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Russia indictments undercut Trump's denials

Dylan Stableford
Senior Editor

President Trump has often scoffed at the notion that Russia was behind the hacking of a Democratic National Committee server. On Friday afternoon, his ridicule was again called into question.

Deputy Attorney General Rod Rosenstein announced the indictment of 12 Russian intelligence officials in connection with the hack of the Democratic National Committee’s computer server and subsequent leaking of emails of Hillary Clinton’s campaign manager, the latest charges in special counsel Robert Mueller’s ongoing probe into Moscow’s meddling in the 2016 election.

All 12 of the defendants worked for the GRU, the main military foreign-intelligence service of the Russian Federation.

According to the charges released Friday, the defendants accessed the email accounts of volunteers and employees of the Clinton campaign, including Chairman John Podesta, beginning in March 2016. “They also hacked into the computer networks of a congressional campaign committee and a national political committee,” Rosenstein said. “The defendants covertly monitored the computers, implanted hundreds of files containing malicious computer code, and stole emails and other documents.”

Deputy Attorney General Rod Rosenstein holds a news conference at the Department of Justice on Friday. (Photo: Evan Vucci/AP)

The Russian operatives “created fictitious online personas,” including “DCLeaks” and “Guccifer 2.0,” Rosenstein said, adding that the group falsely claimed DCLeaks was started by a group of American hackers and that Guccifer 2.0 was “a lone Romanian hacker.”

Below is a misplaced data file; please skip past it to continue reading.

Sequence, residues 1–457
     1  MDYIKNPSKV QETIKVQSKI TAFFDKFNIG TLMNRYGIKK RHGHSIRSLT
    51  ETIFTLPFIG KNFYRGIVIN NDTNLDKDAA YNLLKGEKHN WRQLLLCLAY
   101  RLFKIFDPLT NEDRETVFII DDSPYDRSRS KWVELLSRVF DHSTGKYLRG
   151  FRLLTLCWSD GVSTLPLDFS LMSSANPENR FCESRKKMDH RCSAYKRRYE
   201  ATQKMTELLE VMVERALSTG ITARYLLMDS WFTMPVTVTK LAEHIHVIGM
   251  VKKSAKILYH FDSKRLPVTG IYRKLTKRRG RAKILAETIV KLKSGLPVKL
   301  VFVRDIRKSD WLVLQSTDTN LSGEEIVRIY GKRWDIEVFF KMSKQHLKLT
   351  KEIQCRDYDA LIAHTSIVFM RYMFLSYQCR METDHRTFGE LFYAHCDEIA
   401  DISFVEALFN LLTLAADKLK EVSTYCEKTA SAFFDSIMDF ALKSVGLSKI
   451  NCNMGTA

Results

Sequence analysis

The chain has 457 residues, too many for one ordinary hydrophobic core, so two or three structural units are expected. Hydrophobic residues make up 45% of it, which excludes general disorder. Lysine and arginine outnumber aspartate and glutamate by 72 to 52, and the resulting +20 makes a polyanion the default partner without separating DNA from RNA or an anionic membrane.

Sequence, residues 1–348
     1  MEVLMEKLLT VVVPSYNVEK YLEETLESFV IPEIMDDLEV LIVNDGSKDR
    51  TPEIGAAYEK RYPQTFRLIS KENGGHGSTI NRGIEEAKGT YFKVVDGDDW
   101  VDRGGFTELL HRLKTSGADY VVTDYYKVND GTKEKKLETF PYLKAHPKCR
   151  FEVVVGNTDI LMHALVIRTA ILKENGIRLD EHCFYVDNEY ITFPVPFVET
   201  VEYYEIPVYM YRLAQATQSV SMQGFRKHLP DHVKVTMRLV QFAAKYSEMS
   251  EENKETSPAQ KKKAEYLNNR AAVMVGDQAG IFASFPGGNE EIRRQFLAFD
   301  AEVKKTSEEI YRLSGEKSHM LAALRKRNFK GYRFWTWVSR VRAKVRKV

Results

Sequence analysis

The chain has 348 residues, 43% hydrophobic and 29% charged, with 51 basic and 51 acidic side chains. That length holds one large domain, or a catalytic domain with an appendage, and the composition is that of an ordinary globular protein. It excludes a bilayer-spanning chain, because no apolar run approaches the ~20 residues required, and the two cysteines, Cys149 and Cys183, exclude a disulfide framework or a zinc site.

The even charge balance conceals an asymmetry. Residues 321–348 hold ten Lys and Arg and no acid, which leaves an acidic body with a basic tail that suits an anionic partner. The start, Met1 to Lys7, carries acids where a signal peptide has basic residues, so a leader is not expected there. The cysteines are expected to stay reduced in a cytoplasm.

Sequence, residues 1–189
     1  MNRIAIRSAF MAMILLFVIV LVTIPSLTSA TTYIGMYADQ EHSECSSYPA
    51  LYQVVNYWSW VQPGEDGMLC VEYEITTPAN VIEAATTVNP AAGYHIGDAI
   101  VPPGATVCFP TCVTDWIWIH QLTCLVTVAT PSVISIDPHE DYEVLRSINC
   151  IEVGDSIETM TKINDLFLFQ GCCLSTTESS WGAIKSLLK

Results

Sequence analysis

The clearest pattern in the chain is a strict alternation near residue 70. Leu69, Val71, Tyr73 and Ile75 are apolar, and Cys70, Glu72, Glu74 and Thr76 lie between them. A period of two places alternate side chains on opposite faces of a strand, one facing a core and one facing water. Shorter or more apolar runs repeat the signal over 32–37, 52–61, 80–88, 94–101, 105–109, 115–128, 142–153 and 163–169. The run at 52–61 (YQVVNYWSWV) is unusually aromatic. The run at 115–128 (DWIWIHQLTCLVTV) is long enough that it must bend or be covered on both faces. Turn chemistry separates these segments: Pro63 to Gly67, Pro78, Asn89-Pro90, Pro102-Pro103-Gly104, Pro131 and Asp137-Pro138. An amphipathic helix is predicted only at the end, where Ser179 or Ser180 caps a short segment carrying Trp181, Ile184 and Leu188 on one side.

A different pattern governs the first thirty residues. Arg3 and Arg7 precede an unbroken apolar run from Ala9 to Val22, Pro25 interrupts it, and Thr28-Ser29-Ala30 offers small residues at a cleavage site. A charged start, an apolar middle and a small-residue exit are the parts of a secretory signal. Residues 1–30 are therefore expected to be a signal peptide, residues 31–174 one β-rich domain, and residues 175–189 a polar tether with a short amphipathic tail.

“In addition to releasing documents directly to the public,” Rosenstein added, “the defendants transferred stolen documents to another organization” and “discussed timing the release of the documents in an attempt to enhance the impact on the election.”

The organization was not named in the indictment, but it is widely speculated that the unnamed entity is WikiLeaks.

Rosenstein said he briefed Trump on the allegations earlier this week. The president, who is Europe and scheduled to meet with Russian President Vladimir Putin in Helsinki on Sunday, is “fully aware of today’s actions,” Rosenstein added.

When asked about his upcoming summit with Putin earlier Friday morning, Trump said he would raise the issue with the Russian president but didn’t expect a “Perry Mason moment.”

President Trump arrives at British Prime Minister Theresa May’s country home on Friday. (Photo: Jack Taylor, WPA pool/Getty Images)

Trump has long sought to undermine the Russia investigation and has repeatedly referred to Mueller’s probe — which has now resulted in 32 individual indictments and five guilty pleas — as a “witch hunt.”

During the 2016 campaign, Trump taunted Clinton and the FBI — which had been investigating her use of a private email server — by publicly calling on Russia to locate her emails.

“Russia, if you’re listening, I hope you’re able to find the 30,000 emails that are missing,” Trump said on July 27.

According to the indictment released Friday, Russian operatives targeted Clinton’s personal emails “for the first time” the same day.

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